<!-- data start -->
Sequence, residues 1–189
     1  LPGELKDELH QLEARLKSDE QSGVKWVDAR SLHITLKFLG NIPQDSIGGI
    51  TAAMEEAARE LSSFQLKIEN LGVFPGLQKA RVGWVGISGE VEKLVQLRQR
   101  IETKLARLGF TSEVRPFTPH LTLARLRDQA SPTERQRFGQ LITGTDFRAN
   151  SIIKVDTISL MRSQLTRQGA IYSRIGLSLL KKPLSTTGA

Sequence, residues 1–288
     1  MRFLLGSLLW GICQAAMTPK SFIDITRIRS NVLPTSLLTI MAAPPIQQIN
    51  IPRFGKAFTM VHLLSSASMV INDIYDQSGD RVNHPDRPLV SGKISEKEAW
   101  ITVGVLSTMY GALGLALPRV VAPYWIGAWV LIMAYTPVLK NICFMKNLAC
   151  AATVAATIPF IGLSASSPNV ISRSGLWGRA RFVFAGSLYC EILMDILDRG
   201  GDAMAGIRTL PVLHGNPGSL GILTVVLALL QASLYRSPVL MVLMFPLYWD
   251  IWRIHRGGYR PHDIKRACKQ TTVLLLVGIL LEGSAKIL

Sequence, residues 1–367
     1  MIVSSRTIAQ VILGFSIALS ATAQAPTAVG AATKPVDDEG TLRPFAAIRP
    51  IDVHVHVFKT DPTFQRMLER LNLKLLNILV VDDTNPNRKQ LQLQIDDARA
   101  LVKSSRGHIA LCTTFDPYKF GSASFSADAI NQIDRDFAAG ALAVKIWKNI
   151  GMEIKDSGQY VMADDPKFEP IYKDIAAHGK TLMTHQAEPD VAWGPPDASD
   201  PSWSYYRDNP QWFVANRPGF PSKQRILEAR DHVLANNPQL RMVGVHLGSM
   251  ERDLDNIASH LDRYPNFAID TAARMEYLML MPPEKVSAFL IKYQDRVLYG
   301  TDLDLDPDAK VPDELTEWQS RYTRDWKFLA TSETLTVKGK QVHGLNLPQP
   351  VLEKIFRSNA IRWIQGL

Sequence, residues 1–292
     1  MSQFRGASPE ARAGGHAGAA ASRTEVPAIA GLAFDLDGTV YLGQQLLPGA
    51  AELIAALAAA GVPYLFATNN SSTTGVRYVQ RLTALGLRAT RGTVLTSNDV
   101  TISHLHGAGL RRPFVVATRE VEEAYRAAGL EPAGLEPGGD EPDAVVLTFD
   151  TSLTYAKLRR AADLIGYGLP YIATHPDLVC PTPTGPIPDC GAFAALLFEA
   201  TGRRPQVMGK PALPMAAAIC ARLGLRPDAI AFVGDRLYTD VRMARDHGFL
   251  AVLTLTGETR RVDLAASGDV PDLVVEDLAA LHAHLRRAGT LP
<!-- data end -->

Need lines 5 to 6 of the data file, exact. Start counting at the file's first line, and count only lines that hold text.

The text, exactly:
   151  SIIKVDTISL MRSQLTRQGA IYSRIGLSLL KKPLSTTGA

Sequence, residues 1–288